Skip to main content

Microsoft says disabling these two Windows 11 features will boost gaming performance

Two settings in Windows 11 may affect gaming performance, says Microsoft. These settings are enabled by default.

Microsoft has made it possible for you to disable these options, but there are also reasons why you might want to keep them on. However, if your computer’s performance in games is less than stellar, they might be worth checking out.

An Alienware + Windows 11 PC gaming setup.

Microsoft has posted a new support document detailing the two features and their possible impact. The company has found that Memory Integrity and Virtual Machine Platform (VMP) have affected the gaming performance of some users.

VMP does pretty much what it says on the tin — it provides virtual core machine services for Windows 11. Memory Integrity plays a fairly big role, though, because it’s responsible for checking new drivers and ensuring that they’re coming from a trustworthy source. It protects your system from malicious code. This is why you might want to avoid disabling this feature, and if you do disable it, it’s a good idea to toggle it back on when your gaming session comes to an end.

Get your weekly teardown of the tech behind PC gaming
Check your inbox!

Unfortunately, Microsoft doesn’t go into any detail as to how widespread the problem is, only noting that it happens “in some scenarios and some configurations of gaming devices.”

Of course, if you’re experiencing poor frame rates or other issues while you game, there could be any number of reasons why that might be happening — but if you’re a Windows 11 user, you can try to optimize your gaming experience in this fairly easy way first.

Before you get to disabling things, keep in mind that Microsoft recommends turning these settings back on later, and it adds: “If turned off, the device may be vulnerable to threats.” If you want to give it a shot regardless of Microsoft’s warnings, here’s how to do it.

How to disable Memory Integrity and VMP

Person sitting and using a Windows Surface computer with Windows 11.
Windows 11

In order to turn off Memory Integrity, go into your Start Menu by pressing the Windows key, then type in “Core Isolation” in the taskbar. Select it when it pops up, and when you’re on that page, toggle Memory Integrity off. Microsoft recommends that you restart your device afterward.

Turning off VMP is equally simple. Once again, go into the Start Menu, and in search, type in “Turn Windows features on or off.” When you’re in the Windows Features section, find Virtual Machine Platform and deselect it. Press OK to finalize these changes and restart your computer.

If you’re not seeing any benefit from turning off these two settings, it’s best to keep them on. However, if you’re not happy with your frame rates, we have a handy guide that can help you with some more ideas to try out.

Editors' Recommendations

Monica J. White
Monica is a UK-based freelance writer and self-proclaimed geek. A firm believer in the "PC building is just like expensive…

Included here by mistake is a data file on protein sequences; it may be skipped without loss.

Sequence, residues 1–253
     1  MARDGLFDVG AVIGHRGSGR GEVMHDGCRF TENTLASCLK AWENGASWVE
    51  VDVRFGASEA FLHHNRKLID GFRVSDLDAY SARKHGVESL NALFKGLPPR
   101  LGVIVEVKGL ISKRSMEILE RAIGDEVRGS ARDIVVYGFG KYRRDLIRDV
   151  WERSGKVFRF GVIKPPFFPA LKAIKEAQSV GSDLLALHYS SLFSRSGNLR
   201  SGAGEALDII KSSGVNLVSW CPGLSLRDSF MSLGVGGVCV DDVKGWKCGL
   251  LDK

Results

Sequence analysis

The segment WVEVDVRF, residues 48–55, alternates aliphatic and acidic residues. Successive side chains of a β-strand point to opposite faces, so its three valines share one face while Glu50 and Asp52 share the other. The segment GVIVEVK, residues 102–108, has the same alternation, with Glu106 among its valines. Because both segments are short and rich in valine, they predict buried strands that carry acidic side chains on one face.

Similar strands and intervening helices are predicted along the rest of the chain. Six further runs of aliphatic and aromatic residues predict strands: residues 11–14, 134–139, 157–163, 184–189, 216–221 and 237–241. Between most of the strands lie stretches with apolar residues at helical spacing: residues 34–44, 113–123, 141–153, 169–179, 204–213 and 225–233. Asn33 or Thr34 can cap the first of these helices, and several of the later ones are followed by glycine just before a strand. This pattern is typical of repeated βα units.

A new Windows 11 hardware system requirement may be incoming
A man sits, using a laptop running the Windows 11 operating system.

Microsoft appears to finally be putting its foot down on how far back it's willing to go when it comes to supporting older hardware. As of the upcoming Windows 11 24H2 build, Microsoft will require that your processor supports the POPCNT instruction. If you're wondering what that is and whether this will affect you, you're not alone.

This new addition was spotted by Bob Pony on X (formerly Twitter). According to the user, if the CPU doesn't support the POPCNT instruction or it's disabled, Windows won't work at all. Multiple system files now require this instruction, starting with the Windows 11 kernel. Long story short -- no POPCNT, no Windows 11 24H2.

Read more
Windows 11 will use AI to automatically upscale games
Person using Windows 11 laptop on their lap by the window.

Microsoft appears to have decided to jump on the upscaling train in a big way. The latest Windows 11 24H2 Insider build just showed up, sporting a new feature: AI-powered automatic super resolution tech. While the blurb underneath the feature indicates that it was made for games, it might be even more useful outside of them. However, there's a major downside -- it won't be as widely available as it may seem.

The feature was first spotted by PhantomOcean3 on X (formerly Twitter), and it was quite a significant find, considering that Microsoft is apparently keeping this one pretty well hidden. To enable it, users have to go through the following path: Settings > System > Display > Graphics. While it's perhaps not very intuitive to find, the feature itself could turn out to be quite promising.

Read more
How to start Windows 11 in Safe Mode
Windows 11 on a tablet.

If your Windows 11 PC is having issues, one way to troubleshoot those issues is start your PC in Safe Mode. Safe Mode is essentially a very basic version of Windows 11, without all the bells and whistles and only a restricted set of features, drivers, and files. This mode essentially lets you take a look at your computer and helps you figure out exactly what issue is plaguing your PC.

But booting into Safe Mode on Windows 11 isn't as easy as just pressing a single button. You'll need to navigate through a series of menus first and the method for getting there depends on your PC specific situation (Is your PC still working or is it just a blank or black screen?).

Read more